Weapons, training and airstrikes from the U.S.-led coalition have propelled ground forces in both Iraq and Syria.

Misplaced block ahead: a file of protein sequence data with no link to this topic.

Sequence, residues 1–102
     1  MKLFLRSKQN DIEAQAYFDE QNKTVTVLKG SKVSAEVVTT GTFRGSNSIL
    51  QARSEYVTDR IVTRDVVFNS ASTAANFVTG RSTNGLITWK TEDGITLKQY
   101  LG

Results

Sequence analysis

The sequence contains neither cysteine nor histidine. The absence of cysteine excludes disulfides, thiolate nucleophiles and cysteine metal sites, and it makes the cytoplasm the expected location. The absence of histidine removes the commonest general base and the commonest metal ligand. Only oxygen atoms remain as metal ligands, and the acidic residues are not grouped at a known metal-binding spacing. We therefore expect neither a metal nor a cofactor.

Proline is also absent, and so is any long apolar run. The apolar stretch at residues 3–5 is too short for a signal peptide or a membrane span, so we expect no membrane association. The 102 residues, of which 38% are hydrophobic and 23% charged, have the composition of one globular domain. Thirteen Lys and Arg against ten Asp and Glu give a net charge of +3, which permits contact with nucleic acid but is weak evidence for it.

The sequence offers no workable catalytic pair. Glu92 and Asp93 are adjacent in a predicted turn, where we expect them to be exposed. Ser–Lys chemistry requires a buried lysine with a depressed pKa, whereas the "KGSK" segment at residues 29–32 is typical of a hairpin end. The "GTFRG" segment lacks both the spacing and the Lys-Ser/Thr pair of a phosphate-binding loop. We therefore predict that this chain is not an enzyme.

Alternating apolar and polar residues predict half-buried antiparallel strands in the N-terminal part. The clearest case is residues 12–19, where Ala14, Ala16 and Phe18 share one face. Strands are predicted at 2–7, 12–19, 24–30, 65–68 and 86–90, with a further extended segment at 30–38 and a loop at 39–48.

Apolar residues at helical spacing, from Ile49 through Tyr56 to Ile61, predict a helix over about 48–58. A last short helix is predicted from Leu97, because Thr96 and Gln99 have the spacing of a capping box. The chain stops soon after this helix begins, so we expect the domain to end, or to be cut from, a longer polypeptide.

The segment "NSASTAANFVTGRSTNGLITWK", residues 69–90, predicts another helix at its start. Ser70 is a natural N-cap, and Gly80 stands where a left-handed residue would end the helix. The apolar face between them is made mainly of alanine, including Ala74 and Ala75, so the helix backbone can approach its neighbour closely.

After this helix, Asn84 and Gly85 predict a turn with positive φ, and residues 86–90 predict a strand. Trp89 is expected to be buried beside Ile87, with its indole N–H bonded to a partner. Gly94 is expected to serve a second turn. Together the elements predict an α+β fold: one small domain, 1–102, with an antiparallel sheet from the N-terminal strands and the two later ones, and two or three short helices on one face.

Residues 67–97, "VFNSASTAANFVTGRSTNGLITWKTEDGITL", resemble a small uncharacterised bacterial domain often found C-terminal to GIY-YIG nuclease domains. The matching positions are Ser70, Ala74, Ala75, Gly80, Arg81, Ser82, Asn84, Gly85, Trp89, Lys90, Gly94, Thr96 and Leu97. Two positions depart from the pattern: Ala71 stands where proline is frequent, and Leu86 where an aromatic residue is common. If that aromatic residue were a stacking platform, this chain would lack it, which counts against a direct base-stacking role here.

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As the U.S.-led coalition ratchets up operations in Syria, there are concerns that it will result in a rerun of what happened in Iraq, where $1 billion in weapons supplied to local fighters is unaccounted for. Weapons, training and airstrikes by the coalition have aided ground forces in both Iraq and Syria, allowing Iraq's military, Iraqi Kurdish fighters and Syrian Kurdish fighters to retake some 55,000 square kilometers of territory from Daesh (ISIS) extremists in the nearly 3-year-old fight.The coalition already has demonstrated an inability to track weapons in Iraq, a much less complex and unstable battlefield than Syria.Amnesty International released a report this month detailing a 2016 U.S. Defense Department audit stating that $1 billion in weapons provided to Iraqi forces for use in the Daesh fight are now unaccounted for.Iraq's Kurdish forces known as the peshmerga – who have received some of the most extensive support from the coalition, including training, arms and air support – have been accused of destroying Arab property and forcing Arab residents out of dozens of villages retaken from Daesh.Col. Abdul-Razzak Ahmad Freiji, a Syrian army defector who is now with Turkey-backed rebels in northern Syria, said news of U.S. arms to Syrian Kurdish fighters exacerbates his concerns.
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